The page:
Macao tycoon donates looted relic

By Chen Xi Source:Global Times Published: 2019/11/13 20:23:40

Pansy Ho Chiu-king (left), the daughter of Macao-based tycoon and collector Stanley Ho Hung-sun, shakes hands with Chinese Minister of Culture and Tourism Luo Shugang in front of the horse head at a ceremony to welcome the statue back, in Beijing on Wednesday. Photo: Li Hao/GT



A picture of the horse head. Photo: Li Hao/GT


Beijing on Wednesday welcomed the long-lost bronze horse-head treasure that Macao-based tycoon and collector  Stanley Ho Hung-sun donated to the Chinese National Cultural Heritage Administration (NCHA) as a gift for the 70th anniversary of the founding of the People's Republic of China (PRC) and the 20th anniversary of Macao's return to the motherland. 

The relic was stolen with other 11 zodiac bronze statues of the Zodiac Fountain in the Old Summer Palace by invading forces when Anglo-French Alliance Forces razed the palace to the ground in 1860. 

Ho bought the relic for HK$69.1 million ($8.84 million) in a sale brokered by Sotheby's Hong Kong in September 2007, and had been kept in Macao for 12 years. 

"The statue conveyed the spirit of patriotism and witnessed the successful practice of 'one country, two systems' principle in Macao," said Pansy Ho Chiu-king, the daughter of Stanley Ho, at the ceremony. 

She noted that the relic is a grand gift of the Ho family in this significant year, and contains sincere wishes and blessings from residents in Hong Kong and Macao to the motherland.

"Cultural relics lost overseas are an inseparable part of the Chinese cultural heritage, and patriotic compatriots from Hong Kong and Macao have played an important role in saving lost cultural relics over the past 70 years. Many of them have made tremendous contributions to retrieving lost looted cultural relics," said Liu Yuzhu, head of NCHA, at the ceremony.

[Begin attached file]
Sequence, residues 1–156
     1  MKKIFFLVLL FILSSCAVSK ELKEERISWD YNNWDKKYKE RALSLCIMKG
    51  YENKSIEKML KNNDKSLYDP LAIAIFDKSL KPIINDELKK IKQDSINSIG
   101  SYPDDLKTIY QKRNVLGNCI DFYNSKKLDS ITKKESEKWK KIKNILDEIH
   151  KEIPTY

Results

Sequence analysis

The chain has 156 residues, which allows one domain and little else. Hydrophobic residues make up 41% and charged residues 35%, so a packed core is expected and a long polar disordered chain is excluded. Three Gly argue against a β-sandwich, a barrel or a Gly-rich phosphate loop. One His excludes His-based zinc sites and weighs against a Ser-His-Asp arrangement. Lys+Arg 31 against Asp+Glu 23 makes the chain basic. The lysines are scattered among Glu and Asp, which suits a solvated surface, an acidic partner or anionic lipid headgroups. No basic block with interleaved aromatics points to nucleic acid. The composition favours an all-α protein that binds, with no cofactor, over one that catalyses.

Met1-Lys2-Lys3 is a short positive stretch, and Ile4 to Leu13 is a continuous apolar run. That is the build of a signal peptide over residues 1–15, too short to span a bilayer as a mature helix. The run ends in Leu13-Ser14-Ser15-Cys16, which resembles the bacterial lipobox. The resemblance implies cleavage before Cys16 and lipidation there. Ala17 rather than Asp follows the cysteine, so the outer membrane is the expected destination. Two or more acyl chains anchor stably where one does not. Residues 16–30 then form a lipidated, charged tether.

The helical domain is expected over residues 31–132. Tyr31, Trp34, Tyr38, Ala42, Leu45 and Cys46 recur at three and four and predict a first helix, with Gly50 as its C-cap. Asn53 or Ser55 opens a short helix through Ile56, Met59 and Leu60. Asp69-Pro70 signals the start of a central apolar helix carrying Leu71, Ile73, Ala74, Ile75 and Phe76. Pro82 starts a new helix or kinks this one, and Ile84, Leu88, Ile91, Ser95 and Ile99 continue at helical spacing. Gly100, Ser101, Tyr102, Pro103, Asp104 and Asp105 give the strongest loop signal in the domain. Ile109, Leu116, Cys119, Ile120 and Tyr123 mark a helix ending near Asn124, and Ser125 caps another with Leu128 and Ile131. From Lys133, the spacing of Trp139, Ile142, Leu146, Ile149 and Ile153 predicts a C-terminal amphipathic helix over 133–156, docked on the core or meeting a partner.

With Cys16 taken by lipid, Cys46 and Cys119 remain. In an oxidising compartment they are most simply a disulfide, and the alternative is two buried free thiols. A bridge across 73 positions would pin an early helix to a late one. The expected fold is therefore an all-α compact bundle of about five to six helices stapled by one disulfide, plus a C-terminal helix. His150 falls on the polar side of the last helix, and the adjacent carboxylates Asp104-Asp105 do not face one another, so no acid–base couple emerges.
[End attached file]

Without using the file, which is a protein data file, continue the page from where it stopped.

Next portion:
The statue will be displayed with the six other bronze statues, including those of the ox, monkey, tiger, pig, rat and rabbit in the long-lost Chinese cultural relic exhibit to celebrate the 70th anniversary of PRC's founding at the National Museum of China until November 27. 

A picture of the horse head. Photo: Li Hao/GT



The whereabouts of the rest of the heads, including those of the dog, rooster, dragon and snake remain unknown, said Guan Qiang, deputy director of the NCHA, told the Global Times in a group interview on Wednesday. 

"I felt very excited to see the bronze horse-head statue during my journey to Beijing. My friend and I were going to leave, but we decided to stay longer, knowing the cultural relics will be displayed today," Zhang Mingjie, a 21-year-old man living in Northeast China's Liaoning Province, told the Global Times on Wednesday.

"I was overwhelmed with joy while listening to the speech at the donation ceremony and saw the bronze horse-head statue. I believe the rest of the five statues will soon return to the motherland, and I am looking forward to the exhibit of the reunion of the 12 zodiac statues," said Zhang Zexin, a 68-year-old man from Shenzhen, South China's Guangdong Province.

Stanley Ho donated the pig head in 2003.

"I feel honored to play a role in helping save lost (Chinese) cultural relics from overseas," Stanley Ho said in 2007 when he bought the horse head, according to media reports.


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